“I just saw what I saw,” says an elderly Sidney Poitier in an interview reflecting on his early childhood in the Bahamas, when he’d never seen a mirror or water through an indoor faucet in the new Apple TV+ documentary. Sydney. The Reginald Hudlin-directed, Oprah Winfrey-produced retrospective, due on stage Friday, exists not only as a summary of Poitier’s unique Hollywood career as an actor and filmmaker, but also as the first public memorial service for the pioneering visionary who died in January. died in 94 years.
The youngest son of two principled tomato farmers who a soothsayer (rightly) predicted would reach all corners of the world when he was born prematurely, Poitier would go to peaks; in 1963 he won the Oscar for best actor for Lilies of the fieldthe first black actor to win for a lead role.
On Wednesday evening, at the Academy Museum — home to the Sidney Poitier Grand Lobby — Apple hosted a premiere for the 106-minute film, which premiered at TIFF earlier this month. Hudlin, Winfrey and producer Derik Murray were joined by Poitier’s five daughters, as well as actress Karen Sharpe (widow of the late director Stanley Kramer who cast Poitier in career-defining films The Rebels and Guess who’s coming to eat) and Cher, who called the late star “an amazing person and one of the greatest actors ever.”
“I believe love is in the details and… this is an act of love,” Winfrey said when introducing the screening. “I’ve loved him since I was 10 years old and to be part of our vision of how we see him – and to let the rest of the world see him the way we see him – is our offer.”
Before his death, Winfrey had completed a two-day interview with Poitier for OWN, and those eight hours became part of the groundwork for this documentary, she shared.
“Our country has not yet mourned for him publicly; there has been no public memorial service for him,” Winfrey continued. “So this film is in many ways a memorial and celebration of his life.”
On stage, Beverly Poitier-Henderson, Poitier’s eldest child, spoke on behalf of the family, saying: “A lot of people confuse the characters that actors play with the actual person. In my father’s case, he chose roles that reflected his values. My sisters and I are very proud of him and his commitment to leaving the world better than he found it.” As a way of honoring him, she asked those in attendance to do the same.
Executive producer Catherine Cyr said: News Kidda that interviewing Poitier’s entire family for the film was “one of our greatest assets,” adding, “I think we’d be deeply sorry if they weren’t represented.” The film also features poignant anecdotes from Hollywood heavyweights including Denzel Washington, Spike Lee, Halle Berry and Barbara Streisand, and critics such as the late Greg Tate. But one moment with Morgan Freeman resonated the most with Cyr.
“There’s a little moment at the beginning of the movie when… [Poitier] talks about moving to Harlem, and he was trying to learn to read. He sat down in a cafe and this young Jewish gentleman sat there reading with him every day. Freeman comes in to say: ‘If you try all your life, there will always be someone to lift you up. But if you don’t, you won’t get that help.’ That whole combination of a scene always melts me.”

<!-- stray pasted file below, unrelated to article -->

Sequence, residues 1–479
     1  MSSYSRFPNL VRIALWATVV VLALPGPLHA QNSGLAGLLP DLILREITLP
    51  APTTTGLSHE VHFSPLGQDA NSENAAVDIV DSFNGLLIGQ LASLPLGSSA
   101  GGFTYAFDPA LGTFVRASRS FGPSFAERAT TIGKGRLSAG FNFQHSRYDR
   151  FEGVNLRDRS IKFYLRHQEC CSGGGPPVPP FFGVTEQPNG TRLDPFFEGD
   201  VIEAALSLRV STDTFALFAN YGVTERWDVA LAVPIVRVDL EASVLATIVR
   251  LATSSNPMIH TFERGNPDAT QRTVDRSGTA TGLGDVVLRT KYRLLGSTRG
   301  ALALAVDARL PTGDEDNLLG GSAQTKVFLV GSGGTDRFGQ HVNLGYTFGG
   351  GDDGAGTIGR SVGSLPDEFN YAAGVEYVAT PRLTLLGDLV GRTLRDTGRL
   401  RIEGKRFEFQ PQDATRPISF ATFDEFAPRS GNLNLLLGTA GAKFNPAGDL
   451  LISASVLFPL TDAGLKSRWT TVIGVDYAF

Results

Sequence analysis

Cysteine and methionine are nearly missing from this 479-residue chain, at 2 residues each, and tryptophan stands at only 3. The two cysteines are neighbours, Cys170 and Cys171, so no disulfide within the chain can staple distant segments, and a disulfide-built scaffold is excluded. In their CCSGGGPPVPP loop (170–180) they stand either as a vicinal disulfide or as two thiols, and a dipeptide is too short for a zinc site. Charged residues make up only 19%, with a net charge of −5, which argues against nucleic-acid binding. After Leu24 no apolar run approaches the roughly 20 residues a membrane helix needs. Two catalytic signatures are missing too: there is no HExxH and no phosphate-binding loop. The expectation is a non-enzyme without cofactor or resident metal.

Noting Poitier’s dignity, courage and elegance as qualities he most remembers, Hudlin spoke about how this film places the actor and activist not only in the timeline of Hollywood’s history, but also with an eye to the future. . “With the really great, we have to retell the story for each generation,” he said THR. “It’s important for us to remember the vastness of his life and all the things he accomplished because he’s done so much.”
“His humanity is what the film conveys, I think — and what I think he will be remembered for,” said daughter Anika Poitier, who served as producer on the film and dug through storage to source several photos and videos for the project. find . “He was always so nice and courteous to everyone who came to talk to him. He loved people. He loved interacting with and getting to know people. He would treat his best friend the same as a stranger on the street.”
Sheryl Lee Ralph, David Oyelowo, Loretta Devine, Colman Domingo and Dennis Haysbert were also among the stars who came out to celebrate the film’s premiere, with Ralph declaring, “Mr. Sidney Poitier is one that everyone should know. This is the American dream.”
The documentary weaves a rich and nuanced non-fiction narrative about a career marked by challenges and the occasional loneliness. In it, Winfrey shares a memory of Poitier encouraging her as a black entertainer loved by white audiences, nodding at his own struggles with the unfair burden of what some sociologists — and a 1967 New York Times article titled – “Sidney Poitier Syndrome: A good guy in an all-white world, with no wife, no sweetheart, no woman to love or kiss, helping the white man solve the white man’s problem.” But it also examines his personal life, and how passion (his nine-year public affair with actress Diahann Carroll) and activism during the height of the civil rights movement (which he navigated with his on-and-off best friend Harry Belafonte) sometimes derailed it. .
“[The film] tells the historical history of Hollywood and its relationship – or not relationship – with African Americans,” Pamela Poitier told me. “My father was a pioneer in that sense, but he didn’t think of himself that way” [one]. He just saw himself as a man who wanted to act.”
Executive producer Terry Wood, a longtime collaborator of Winfrey’s, said she was a little nervous working on this project, which has been in the works since 2018, because she knew how special the film was to Winfrey. “You want to have every minute, every second right,” she said, adding: “[And] you get a shiver trying to finish it because you wish he could see it.